Last year I had a short story, Things You See in the Dark, published in Chroma #4, Spring-Summer 2006. Chroma is Britain’s leading Lesbian and Gay Literary magazine, it’s one of Britain’s few Lesbian and Gay Literary magazines. It was a privilege to get one of my stories in it. I wrote Things You See in the Dark especially for them. I saw that they were looking for pieces for an edition themed around the cinema, I’d had the idea for Things You See in the Dark for ages, so over a mad weekend I just sat down and wrote it. The story is about a man growing up in suburban Liverpool and the influences the portrayal of gay men in films has upon him; firstly the negative and homophobia images from Hollywood films, then the moment of revelation when he sees a positive and honest portrayal of a gay relationship – in the film My Beautiful Laundrette. I sent it off to Chroma and then thought little of it. With writing there’s far more rejection, or total silence from publication I submit work to, then anything so I try not to get my hopes up – beyond that point is madness.

When they said they wanted to publish Things You See in the Dark I was over the moon, a literary magazine of their standard actually wanted to publish something I’d written, it was amazing. Shaun Levin, Chroma’s editor, worked with me to re-write Things You See in the Dark and to knock it into shape. That was also something new to me. Prior to this I’d had so little feedback from editors, mostly it was just them telling me my writing wasn’t their “style” or wasn’t what they were looking for – without any indication how I could write something that they were looking for. Shaun was a great support, helping me to rein back my tendency to over-write and to get to the heart of the story. Good editors are worth their weight in gold and can so help a writer make their work shine; it’s such a shame that I’ve met so few of them so far.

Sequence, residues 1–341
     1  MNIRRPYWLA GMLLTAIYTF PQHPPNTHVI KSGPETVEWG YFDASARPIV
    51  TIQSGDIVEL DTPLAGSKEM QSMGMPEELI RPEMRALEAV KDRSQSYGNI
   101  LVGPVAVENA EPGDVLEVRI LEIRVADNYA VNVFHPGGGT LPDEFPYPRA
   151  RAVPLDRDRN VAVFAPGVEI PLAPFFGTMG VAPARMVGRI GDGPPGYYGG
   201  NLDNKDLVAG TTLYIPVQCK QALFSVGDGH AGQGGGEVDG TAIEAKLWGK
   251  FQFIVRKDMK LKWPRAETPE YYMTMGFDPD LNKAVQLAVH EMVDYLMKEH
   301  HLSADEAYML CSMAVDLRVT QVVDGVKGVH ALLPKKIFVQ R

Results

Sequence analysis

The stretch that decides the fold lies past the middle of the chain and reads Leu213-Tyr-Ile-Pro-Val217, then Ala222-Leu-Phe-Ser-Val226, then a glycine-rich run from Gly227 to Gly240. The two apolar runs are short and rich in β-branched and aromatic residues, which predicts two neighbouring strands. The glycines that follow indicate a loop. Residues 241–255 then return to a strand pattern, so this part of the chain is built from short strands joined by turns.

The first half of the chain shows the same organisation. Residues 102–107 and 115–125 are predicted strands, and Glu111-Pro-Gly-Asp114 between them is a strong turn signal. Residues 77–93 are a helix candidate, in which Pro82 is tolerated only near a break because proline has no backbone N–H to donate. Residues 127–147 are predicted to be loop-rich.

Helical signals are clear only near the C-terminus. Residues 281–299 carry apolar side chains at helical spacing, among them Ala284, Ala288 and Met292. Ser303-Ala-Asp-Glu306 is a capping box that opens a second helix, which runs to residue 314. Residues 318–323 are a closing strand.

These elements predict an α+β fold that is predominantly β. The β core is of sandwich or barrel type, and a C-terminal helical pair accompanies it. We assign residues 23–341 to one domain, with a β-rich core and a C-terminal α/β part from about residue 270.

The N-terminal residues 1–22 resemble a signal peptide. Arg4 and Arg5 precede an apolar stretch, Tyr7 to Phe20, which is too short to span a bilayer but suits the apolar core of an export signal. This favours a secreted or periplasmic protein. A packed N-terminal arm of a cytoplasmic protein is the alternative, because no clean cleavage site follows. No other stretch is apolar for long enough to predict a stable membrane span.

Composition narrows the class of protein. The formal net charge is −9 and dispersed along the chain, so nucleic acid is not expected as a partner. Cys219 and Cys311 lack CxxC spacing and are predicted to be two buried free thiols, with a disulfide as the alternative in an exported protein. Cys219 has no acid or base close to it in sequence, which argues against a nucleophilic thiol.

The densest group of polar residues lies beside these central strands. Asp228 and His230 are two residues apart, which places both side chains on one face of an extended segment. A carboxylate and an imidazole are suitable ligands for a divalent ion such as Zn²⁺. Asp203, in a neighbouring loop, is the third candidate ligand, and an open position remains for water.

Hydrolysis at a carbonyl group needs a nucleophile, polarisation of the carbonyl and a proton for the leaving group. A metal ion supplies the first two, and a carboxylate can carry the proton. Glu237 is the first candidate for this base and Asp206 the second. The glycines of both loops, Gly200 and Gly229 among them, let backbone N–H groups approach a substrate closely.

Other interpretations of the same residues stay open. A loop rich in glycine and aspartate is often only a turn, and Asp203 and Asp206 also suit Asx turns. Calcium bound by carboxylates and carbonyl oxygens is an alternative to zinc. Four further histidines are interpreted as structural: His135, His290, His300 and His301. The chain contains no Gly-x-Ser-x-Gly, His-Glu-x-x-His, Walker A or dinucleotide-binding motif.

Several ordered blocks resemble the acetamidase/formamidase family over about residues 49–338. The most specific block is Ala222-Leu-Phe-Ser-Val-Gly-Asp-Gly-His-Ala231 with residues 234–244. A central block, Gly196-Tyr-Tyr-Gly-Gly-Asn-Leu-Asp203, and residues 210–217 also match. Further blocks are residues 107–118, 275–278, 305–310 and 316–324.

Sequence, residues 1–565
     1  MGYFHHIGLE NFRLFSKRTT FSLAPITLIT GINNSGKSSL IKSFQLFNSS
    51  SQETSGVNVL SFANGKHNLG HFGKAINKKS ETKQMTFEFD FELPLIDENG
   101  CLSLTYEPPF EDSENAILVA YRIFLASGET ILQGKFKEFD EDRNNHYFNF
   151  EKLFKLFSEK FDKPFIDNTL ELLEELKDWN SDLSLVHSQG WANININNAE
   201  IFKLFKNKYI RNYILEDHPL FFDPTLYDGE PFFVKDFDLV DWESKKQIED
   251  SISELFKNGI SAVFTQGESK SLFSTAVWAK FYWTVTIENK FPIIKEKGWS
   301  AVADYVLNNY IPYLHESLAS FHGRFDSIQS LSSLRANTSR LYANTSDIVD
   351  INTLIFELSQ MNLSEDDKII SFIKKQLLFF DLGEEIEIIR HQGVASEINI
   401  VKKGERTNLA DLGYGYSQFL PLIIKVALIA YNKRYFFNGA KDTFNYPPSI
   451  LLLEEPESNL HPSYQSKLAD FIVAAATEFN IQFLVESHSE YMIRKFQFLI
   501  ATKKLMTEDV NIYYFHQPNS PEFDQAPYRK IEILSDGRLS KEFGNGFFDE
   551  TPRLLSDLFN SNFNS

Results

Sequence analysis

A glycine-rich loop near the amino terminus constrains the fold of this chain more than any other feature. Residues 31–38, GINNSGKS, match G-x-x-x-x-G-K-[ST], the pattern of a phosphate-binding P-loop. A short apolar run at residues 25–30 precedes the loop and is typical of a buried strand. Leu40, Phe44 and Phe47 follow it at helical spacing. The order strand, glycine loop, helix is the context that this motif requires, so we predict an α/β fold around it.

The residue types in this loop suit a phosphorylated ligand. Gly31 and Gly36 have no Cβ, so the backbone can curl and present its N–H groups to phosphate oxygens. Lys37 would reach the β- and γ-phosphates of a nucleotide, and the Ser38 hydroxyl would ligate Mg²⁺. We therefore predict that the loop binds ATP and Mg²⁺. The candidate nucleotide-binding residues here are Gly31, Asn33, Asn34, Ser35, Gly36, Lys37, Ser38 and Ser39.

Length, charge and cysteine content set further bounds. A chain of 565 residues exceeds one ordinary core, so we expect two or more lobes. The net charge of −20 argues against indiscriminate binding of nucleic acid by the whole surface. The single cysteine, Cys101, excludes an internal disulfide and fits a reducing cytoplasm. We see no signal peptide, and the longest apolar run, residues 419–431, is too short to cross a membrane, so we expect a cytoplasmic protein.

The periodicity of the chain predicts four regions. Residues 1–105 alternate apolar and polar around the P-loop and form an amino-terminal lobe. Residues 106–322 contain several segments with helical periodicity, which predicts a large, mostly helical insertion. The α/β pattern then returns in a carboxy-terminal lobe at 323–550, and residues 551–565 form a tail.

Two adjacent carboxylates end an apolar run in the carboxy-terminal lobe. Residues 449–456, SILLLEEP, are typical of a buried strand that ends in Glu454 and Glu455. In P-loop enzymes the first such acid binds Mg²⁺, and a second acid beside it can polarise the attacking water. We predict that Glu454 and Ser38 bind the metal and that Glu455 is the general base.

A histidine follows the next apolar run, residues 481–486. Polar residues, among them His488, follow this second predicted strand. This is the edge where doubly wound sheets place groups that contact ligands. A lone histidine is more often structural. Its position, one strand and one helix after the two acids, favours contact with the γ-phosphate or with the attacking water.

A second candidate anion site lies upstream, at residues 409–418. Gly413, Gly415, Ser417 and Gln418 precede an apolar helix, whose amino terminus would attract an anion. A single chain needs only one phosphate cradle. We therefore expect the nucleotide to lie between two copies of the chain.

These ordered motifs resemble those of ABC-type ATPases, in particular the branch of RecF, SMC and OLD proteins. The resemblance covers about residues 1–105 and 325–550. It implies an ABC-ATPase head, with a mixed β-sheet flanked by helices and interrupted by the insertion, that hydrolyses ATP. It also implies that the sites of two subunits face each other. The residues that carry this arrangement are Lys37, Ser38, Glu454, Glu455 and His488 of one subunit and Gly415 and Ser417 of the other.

Chroma had a launch for that issue and followed it with several readings to promote it. I read from my story at both the launch and at a reading in one of London’s largest bookshops. I’d never read from my own work like that before, at a public event were people had come only to hear authors reading. I’ve taken teaching session to all sizes of groups, I’ve given speeches on more then one occasion, often to large audiences, and I was never so nervous as when I read at those two Chroma events. Suddenly I was there, in front of all those people, and reading something that I had written, all my own work. It was scary and exciting at the same time, when it was over it was so humbling because those people there had been listening to my words.